THE PRIME DIRECTIVE: If You Can’t Say Something Nice…

LOVE Star Trek

Here’s the PRIME DIRECTIVE of this blog site: THERE IS NO SUCH THING AS A BAD FAN FILM. Oh, I know there are fan films out there that are downright painful to watch. But you know what? At least they tried…and they succeeded. Sure, their final effort might not be Oscar-worthy, but—dammit, Jim—they made themselves a real fan film!

I was in one of the earlier fan efforts back in 1999, USS Angeles: The Price of Duty. (I’m the guy stuck in the turbolift making out with my girlfriend.) Yeah, I still cringe when I watch it, and I realize it looks pretty cheap and cheesy at first glance. But it actually took a good amount of work to get the project started, keep the momentum going, and make sure things stayed organized to film all those scenes…with dozens of folks both in front of and behind the camera. Then it took even more time and effort to complete the massive amount of postproduction after the footage was shot. Sure, we weren’t trained actors, some of us barely fit into our store-bought uniforms (I still don’t!), and we often had green glows around us from bad lighting against the green screen. It was a learning experience for all of us…especially show-runner Rob Caves, who would use what he learned to go on and produce 70 episodes of Star Trek: Hidden Frontier (and its five spinoff series) over the next decade.

It was also a lot of fun.

But let me tell ya, nothing kills your fan film buzz faster than fan criticism! Don’t get me wrong, though.  It’s not that fan filmmakers expect to hear only exuberant praise as though it’s a kindergarten play and they were the best carrot ever. It’s just that some Star Trek fans can be downright cruel. I’ve never really understood that. Most of us were made fun of in school and chosen last for sports (I know it wasn’t just me, folks!). And you’d think we of the socially ostracized classes would make more of an effort to not hurt the feelings of others. Instead, for way too many Trekkers out there, our own suffering from the harsh derision of others only seems to have lighted the way toward an expertise at belittling and humiliating our fellow fans…often over the most minor of issues.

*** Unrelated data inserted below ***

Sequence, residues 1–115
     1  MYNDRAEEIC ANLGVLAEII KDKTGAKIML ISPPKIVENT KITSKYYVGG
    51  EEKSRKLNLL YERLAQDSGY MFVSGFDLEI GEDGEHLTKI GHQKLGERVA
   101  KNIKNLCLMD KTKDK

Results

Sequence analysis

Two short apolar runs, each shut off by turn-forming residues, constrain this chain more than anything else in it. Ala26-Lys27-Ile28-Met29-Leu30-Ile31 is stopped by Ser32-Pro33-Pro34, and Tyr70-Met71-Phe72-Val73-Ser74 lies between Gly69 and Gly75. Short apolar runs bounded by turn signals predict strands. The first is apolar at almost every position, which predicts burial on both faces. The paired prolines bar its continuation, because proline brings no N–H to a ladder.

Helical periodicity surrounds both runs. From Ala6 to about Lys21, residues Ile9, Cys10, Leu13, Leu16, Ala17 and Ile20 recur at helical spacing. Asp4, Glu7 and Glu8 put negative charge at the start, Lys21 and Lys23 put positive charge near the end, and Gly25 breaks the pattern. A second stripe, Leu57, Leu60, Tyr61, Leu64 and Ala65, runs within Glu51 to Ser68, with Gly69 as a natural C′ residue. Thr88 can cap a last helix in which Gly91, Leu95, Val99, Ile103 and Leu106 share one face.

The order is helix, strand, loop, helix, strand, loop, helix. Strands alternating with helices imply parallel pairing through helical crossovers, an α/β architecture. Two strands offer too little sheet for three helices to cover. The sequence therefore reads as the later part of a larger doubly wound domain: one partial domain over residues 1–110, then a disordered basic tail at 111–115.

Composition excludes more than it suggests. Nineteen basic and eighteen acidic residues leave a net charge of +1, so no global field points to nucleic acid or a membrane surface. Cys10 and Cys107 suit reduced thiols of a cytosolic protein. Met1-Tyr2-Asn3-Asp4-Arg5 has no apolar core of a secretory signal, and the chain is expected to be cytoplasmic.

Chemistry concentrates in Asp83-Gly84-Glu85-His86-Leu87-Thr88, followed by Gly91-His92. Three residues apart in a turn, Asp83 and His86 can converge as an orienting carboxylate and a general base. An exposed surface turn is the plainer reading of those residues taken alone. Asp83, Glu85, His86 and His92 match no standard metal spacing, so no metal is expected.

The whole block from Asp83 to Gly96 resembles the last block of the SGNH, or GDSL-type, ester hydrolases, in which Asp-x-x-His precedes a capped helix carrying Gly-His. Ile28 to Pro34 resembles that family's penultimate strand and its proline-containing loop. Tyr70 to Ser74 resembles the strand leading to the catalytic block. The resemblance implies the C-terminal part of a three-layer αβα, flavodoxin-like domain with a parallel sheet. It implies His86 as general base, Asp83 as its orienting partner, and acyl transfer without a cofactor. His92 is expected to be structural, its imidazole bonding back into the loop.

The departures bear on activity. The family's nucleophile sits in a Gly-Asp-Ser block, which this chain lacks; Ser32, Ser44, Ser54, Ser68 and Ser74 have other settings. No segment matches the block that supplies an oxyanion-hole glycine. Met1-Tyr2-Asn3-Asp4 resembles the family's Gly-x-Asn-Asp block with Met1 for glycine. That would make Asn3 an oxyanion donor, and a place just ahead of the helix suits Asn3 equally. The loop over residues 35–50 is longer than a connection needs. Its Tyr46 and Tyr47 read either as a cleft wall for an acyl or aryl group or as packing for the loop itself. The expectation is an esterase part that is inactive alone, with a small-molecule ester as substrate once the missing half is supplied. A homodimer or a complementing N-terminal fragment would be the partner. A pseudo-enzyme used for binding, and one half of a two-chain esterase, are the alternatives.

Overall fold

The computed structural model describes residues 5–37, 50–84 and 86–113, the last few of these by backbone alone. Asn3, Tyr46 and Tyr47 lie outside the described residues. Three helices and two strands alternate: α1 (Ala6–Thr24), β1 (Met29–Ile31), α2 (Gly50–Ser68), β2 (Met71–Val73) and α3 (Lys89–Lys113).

That’s my Prime Directive—I refuse to say nasty and negative things about any fan film…even if “everyone knows it sucks.” Even the worst fan film ever took time, effort, and dedication to complete. This blog site is intended to celebrate Star Trek fan films, not denigrate, flagellate, or eviscerate them. (Yep, folks, I’m all about the SAT words!)

And there’s the so-called fan film “feuds.” They’re not welcome here either.  Some of you might already be familiar with the many he-said/she-said/they-said/it-said clashes of egos that have become like barnacles attached to the hull of S.S. Fan Film. Others might be blissfully ignorant of the many insults and accusations heatedly hurled back and forth between fans of certain fan series and fans of other fan series. And the show-runners themselves are all-too-often at the dead center of these feuds.

I don’t play those games here on Fan Film Factor. I just like watching these fun versions of Star Trek. I’ve got no horse in this race. I love James and Alec and Vic and John and Tommy and Nick and Rob and Randy and Richard and Scott and Michael and Sky and Tim and Robin and Eric and all the other amazing fan filmmakers out there who had the dream and made it real. I love that they’ve given us all this amazing gift of more Star Trek. Amusingly, it’s the one thing they all have in common.

When I look at today’s fan film show-runners—executive producers, directors, writers, stars…with the big dreams, the big personalities, and sometimes the big egos—I think of the Great Bird of the Galaxy himself. Gene Roddenberry made the first-ever Star Trek fan film—Star Trek itself!—because he was the first-ever Star Trek fan. And fifty years later, we’re all still happily playing in that sandbox he built. And how awesome is that???

Gene Roddenberry (in)famously told his writers on the early seasons of The Next Generation that the main characters must not have conflicts with each other. “In the future, we all just get along.” Some say that was naïve and tied the hands of the writers by taking away a major source of dramatic tension. Others maintain that this forced the writers to focus on the stories themselves rather than just writing soap operas.

This site is all about stories, not about soap operas. On that, I agree wholeheartedly with Gene.

So in my own small way, I want to make this site live Gene’s dream by not giving into the temptations of negativity. If fans want that, there’s many other places to go. But here on Fan Film Factor, RULE #1 is:


(RULE #2 is: If you do see a bad fan film, refer to RULE #1.)